As Wilderness and the American Mind continues along the timeline of American society, Nash indicates how the perception of the wilderness shifted as American culture began to blossom. Introduced in Chapter 3, Nash describes how individuals began to perceive nature under a romantic connotation, desiring to indulge in the primate lifestyle of the untamed wilderness that had previously been scorned because of the potential dangers that resided outside of civilization. It went so far as to have the romantic ideals of nature become its own literary genre by the 1840s, making the appreciation of wilderness a necessary characteristic of all gentlemen within American society. Using accounts from Abigail Adams, as well as references to Thomas Jefferson’s view on nature, Nash displays how the American wilderness was something Americans started to take pride in during the 18th and 19th centuries. Specifically with Abigail’s claims, Nash indicates how Americans’ respected the beauty in the American wilderness, something they believed Europe had lost to its further industrialized society. This beauty became the centerpiece of many poems, literary works, and paintings about the New World, defining the American landscape as something entirely different than Europe. Using information from James Fenimore Cooper’s The Pioneers, Nash diligently describes the shift in American perspective on the wilderness. Instead of being a roadblock to success or something evil, Nash described how Cooper’s work positioned Americans as understanding the pure beauty that resided within nature, as well as the potential for “exciting adventure.”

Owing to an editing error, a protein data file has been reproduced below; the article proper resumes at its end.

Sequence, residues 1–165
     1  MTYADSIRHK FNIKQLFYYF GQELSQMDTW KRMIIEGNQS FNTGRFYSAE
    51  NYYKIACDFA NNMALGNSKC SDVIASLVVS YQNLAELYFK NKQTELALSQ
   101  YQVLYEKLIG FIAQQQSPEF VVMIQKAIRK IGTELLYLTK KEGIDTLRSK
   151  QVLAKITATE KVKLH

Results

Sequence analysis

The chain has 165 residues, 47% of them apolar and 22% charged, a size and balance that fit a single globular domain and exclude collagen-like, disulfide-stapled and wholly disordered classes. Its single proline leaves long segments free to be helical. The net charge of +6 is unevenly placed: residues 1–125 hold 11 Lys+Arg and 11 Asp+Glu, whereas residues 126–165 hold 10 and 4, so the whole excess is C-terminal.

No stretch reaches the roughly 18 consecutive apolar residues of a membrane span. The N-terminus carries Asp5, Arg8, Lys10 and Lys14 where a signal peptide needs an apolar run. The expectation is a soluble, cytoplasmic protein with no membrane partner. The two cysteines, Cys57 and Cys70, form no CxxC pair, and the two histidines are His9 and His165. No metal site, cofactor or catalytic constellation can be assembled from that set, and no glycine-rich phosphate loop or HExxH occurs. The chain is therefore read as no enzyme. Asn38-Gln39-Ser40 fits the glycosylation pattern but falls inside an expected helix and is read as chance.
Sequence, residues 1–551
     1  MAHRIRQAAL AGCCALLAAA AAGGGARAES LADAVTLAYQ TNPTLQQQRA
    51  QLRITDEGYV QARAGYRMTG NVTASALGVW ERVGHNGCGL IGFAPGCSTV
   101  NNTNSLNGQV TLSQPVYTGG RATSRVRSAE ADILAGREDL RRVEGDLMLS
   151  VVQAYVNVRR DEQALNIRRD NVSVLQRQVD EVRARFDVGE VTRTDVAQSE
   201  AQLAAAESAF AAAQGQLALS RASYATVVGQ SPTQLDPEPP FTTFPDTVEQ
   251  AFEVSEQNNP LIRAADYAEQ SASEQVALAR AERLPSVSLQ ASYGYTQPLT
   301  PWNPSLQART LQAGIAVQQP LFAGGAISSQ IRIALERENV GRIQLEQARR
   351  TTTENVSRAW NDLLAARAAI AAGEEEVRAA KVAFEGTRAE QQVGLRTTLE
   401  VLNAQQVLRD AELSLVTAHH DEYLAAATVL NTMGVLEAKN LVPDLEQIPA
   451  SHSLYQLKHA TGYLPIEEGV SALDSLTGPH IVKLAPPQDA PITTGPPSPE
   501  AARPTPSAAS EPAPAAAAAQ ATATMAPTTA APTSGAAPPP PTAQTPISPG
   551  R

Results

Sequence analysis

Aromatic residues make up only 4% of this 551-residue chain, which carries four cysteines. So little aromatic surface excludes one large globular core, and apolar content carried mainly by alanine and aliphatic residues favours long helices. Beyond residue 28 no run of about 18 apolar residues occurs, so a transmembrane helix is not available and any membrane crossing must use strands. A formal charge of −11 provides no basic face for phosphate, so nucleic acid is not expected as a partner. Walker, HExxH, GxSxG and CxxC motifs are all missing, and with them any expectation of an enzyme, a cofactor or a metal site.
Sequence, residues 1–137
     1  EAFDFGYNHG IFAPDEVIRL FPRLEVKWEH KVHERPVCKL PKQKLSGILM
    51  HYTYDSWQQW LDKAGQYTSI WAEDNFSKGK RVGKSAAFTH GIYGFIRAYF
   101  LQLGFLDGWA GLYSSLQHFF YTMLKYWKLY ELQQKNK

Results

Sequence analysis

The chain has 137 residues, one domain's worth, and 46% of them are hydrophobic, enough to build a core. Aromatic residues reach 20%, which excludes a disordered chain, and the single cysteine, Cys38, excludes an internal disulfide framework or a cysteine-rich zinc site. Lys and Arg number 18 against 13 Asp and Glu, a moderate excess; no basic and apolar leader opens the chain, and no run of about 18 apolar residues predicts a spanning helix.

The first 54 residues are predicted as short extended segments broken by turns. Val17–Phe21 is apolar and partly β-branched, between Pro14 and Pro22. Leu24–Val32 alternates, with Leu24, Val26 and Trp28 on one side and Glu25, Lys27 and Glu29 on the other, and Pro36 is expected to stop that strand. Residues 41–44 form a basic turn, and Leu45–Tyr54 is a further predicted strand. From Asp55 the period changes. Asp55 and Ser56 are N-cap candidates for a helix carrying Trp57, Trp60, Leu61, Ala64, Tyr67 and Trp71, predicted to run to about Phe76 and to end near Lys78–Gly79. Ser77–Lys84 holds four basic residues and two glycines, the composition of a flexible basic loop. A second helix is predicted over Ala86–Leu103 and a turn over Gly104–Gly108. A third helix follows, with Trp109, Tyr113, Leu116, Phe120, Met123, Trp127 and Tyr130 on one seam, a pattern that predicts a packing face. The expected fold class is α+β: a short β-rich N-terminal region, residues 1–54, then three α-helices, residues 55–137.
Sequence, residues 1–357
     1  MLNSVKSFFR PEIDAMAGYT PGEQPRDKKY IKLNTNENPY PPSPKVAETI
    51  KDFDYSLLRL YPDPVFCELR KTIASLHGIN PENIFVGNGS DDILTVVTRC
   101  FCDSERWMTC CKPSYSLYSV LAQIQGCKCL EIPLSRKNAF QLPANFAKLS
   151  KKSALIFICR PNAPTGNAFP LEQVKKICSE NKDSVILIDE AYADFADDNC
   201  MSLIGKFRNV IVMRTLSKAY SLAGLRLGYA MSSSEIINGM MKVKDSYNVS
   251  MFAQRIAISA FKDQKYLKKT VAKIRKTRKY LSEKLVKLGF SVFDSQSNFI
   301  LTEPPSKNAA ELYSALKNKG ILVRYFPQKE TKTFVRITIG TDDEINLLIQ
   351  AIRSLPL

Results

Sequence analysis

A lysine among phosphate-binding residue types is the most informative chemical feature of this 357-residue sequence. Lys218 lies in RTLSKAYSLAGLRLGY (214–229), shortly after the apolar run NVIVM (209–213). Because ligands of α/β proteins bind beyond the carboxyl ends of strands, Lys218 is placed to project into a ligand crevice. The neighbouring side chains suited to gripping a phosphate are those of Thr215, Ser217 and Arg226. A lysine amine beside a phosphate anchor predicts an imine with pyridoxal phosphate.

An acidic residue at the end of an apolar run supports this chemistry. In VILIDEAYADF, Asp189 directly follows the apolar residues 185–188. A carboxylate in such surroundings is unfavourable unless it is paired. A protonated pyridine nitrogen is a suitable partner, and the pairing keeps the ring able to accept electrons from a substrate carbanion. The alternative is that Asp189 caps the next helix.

As Americans pushed further and further west, altering nature into civilization as their ancestors had done before them, Nash notes how people began to realize the beauty of the wilderness was disappearing as civilization took center stage. As a result of this, numerous Americans like John Muir and Aldo Leopold, both American preservationists, made great efforts to preserve the wilderness. Nash depicts how the first instance of American preservation began with President Grant signing an act in 1872 that zoned off 2 million acres of Wyoming to create Yellowstone National Park. In order to secure this act, Nash describes how preservationists had to convince the legislature not of the beauty of the land, but of the lack of use this region had for natural resources. For in American society, the wilderness was no longer perceived as an evil entity, but something filled with vast resources to exploit. Only as a secondary effort did advocates of preservation reference the “remarkable curiosities” or “rare wonders” that were prevalent within Yellowstone as reason not to cultivate this land. Following the creation of Yellowstone, as well as many more national/state parks like it, many politicians and others began to question the need for untouchable territory. Nash introduces this theme in a number of ways, one of which is direct quotes from politicians of the day. Using Kansas Senator John J. Ingalls’ comments from 1883, Nash displays how many politicians were against the zoning off of wilderness for preservation, as he believed it should be sold off “as other public lands are sold.”